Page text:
Authored by: Joshua Hordern, University Lecturer in Christian Ethics, Harris Manchester College, Jesus College and Faculty of Theology and Religion, Oxford University. Author of Political Affections: Civic Participation and Moral Theology, available through Oxford Scholarship Online.
Political Affections will be launched at The Oxford Research Centre in the Humanities (Radcliffe Humanities Building, Woodstock Road, Oxford) on June 4th at 1.15pm. To reserve a place please email firstname.lastname@example.org. For more information click here.
The politics of the world is full of affections – joys, sorrows and hatreds alongside shame, disgust, fear and compassion. How should we understand these phenomena and what work do they do in political relationships?
Political Affections: Civic Participation and Moral Theology, published through Oxford Scholarship Online (OSO) this year, explores these questions through the philosophical and theological resources which can interpret affections’ significance amidst the risky world of twenty-first century politics.
And the issues could not be more pressing. As the speed of communication increases, we analyse more quickly the movements and upheavals which characterise politics. From the nation-changing, self-immolations of the Arab Spring to the hotly contested questions about national identity in the European Union to the local politics of every place, the affective dimension of civic experience is vital to understanding what is happening today.
Political Affections argues that the cognitive aptitude of affections is a crucial, though sometimes overlooked, feature of people’s civic participation. Affections are the beginnings of human understanding, the always-present way into the affairs with which politics deals. In Martha Nussbaum’s terms, they are cognitive evaluations of the world, deeply shaped by the beliefs of cultures and communities.1 They are constitutive of political interests and become foci for disagreement, agreement and persuasion – even manipulation. For example, a ‘democratic deficit’ cannot be addressed solely in terms of voter turnout. It must be understood through the affective commitments of citizens and the visions of the human condition which affections attest.
But how are affections to be disciplined? We are all too familiar with the mixed quality of our early responses to what we encounter. But that does not mean that affections cannot be reasonable and even truthful. Affections are the beginning, the half-light, the dawning of our political awareness – but they require reflection and deliberation if they are to be communally coordinated towards what is good.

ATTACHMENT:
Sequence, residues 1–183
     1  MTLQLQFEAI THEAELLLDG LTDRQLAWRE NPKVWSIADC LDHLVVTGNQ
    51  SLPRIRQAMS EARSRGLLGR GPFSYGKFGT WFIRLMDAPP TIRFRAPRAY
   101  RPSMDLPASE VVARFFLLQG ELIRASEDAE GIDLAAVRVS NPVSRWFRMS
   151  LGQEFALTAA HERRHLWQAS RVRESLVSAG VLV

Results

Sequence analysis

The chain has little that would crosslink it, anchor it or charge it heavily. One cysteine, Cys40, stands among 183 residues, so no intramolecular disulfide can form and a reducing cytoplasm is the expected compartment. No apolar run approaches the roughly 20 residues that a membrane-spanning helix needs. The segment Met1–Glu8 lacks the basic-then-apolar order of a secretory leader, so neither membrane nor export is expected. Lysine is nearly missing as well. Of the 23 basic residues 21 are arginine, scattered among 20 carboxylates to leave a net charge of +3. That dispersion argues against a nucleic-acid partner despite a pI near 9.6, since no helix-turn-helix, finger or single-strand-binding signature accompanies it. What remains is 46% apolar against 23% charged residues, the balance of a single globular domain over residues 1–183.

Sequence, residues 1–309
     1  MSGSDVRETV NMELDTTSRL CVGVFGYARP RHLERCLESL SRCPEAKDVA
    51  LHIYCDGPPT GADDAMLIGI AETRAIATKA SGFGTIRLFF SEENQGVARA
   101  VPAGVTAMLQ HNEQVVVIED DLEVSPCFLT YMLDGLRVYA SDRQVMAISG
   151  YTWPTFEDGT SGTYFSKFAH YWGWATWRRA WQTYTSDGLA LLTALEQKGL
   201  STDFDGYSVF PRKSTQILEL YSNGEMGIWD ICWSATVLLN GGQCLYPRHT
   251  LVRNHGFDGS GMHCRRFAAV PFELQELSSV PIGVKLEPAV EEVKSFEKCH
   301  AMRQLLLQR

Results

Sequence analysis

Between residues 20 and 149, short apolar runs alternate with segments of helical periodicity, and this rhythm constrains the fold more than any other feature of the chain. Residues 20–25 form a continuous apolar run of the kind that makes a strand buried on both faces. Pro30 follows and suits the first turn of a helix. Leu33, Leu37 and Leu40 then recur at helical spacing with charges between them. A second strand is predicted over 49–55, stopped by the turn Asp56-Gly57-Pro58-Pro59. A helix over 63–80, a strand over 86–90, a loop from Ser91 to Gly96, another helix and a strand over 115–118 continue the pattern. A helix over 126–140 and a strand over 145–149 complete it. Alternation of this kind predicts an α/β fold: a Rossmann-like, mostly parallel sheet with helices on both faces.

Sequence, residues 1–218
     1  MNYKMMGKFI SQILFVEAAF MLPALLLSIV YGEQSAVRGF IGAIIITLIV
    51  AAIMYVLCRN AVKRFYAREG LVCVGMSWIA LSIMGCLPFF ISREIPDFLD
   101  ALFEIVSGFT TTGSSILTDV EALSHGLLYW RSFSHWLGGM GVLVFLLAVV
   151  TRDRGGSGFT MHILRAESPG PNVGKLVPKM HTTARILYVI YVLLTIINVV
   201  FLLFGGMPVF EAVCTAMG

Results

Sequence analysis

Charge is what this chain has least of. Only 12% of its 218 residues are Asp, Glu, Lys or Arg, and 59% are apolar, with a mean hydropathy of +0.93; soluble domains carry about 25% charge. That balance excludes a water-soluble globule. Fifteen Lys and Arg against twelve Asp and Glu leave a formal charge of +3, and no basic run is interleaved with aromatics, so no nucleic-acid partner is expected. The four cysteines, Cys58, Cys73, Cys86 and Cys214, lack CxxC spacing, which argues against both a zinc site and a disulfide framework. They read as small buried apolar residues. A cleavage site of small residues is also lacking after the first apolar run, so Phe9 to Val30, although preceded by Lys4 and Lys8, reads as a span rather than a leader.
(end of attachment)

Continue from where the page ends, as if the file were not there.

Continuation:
Christian theological traditions have long explored and contested the significance of affections. The Augustinian approach particularly emphasised the intentional quality of affections – that human joys and sorrows gain their meaning from their objects, that towards which they are directed. In the Hebrew and New Testament Scriptures which stand behind Christian theology, joy is front and centre. It is at the core of the Israelite community feasts, inspiring reflection on legal obligations to the poor and needy, near and far. The New Testament joy which surrounds Jesus the Messiah and the union of peoples from all races in church communities, gives a clue to political life, shaping the frame of reference within which compassion, fear and other affections are understood.
This process of exploring and debating affective evaluations makes for the possibility of peaceful, value-laden interactions between peoples as well as their dangerous opposite. But instead of shutting affectivity off from political experience, as a high risk or non-rational factor, the Christian tradition has resources to face affective realities – such as loyalty, patriotism and trust – and pursue a measured, critical and disciplined exploration.
In summary, in order to engage in the complexly multi-secular and multi-religious politics of the world, we need to overcome two kinds of dualism. One sets political rationality squarely against emotion – as if the affective was always the enemy of the politic. The other excludes the wisdom of theological traditions from political discourse – as if the many cultures of reflection on the nature of God had nothing important to contribute to our common political life. Jürgen Habermas, whose “constitutional patriotism” is a major focus of Political Affections, has criticised the tendency to deny ‘religion any rational content’, observing that religious traditions ‘preserve intact [what has] been lost elsewhere.’2 Was he being polite to his Jesuit audience or making a serious invitation to conversation? The answer is ‘both’.
Civic participation is a crucial issue both in Europe and across the globe. The great advantage of publishing with Oxford Scholarship Online is the power to reach and interact with this wide audience. We will always need printed books but OSO gives concepts and ideas a ticket to travel far and fast. When we think about the interface of academic thought with political questions, the strength of OSO is that authors can be heard across borders at the click of a button. The platform provides a way for people inside and outside academia to get up close not only with issues that are crucial to twenty-first century life but with the scholarship which interprets the issues. What Political Affections suggests is that we need a serious assessment of how affective beliefs and theological resources shape civic participation. Civic participation itself can only be aided by the new possibilities which OSO provides.
1 Cf. Martha Nussbaum, Upheavals of Thought: The Intelligence of Emotions, CUP, 2001
2 Jürgen Habermas, ‘An Awareness of What is Missing’ in An Awareness of What is Missing: Faith and Reason in a Post-Secular Age, Polity Press, 2010, 15-23, 18
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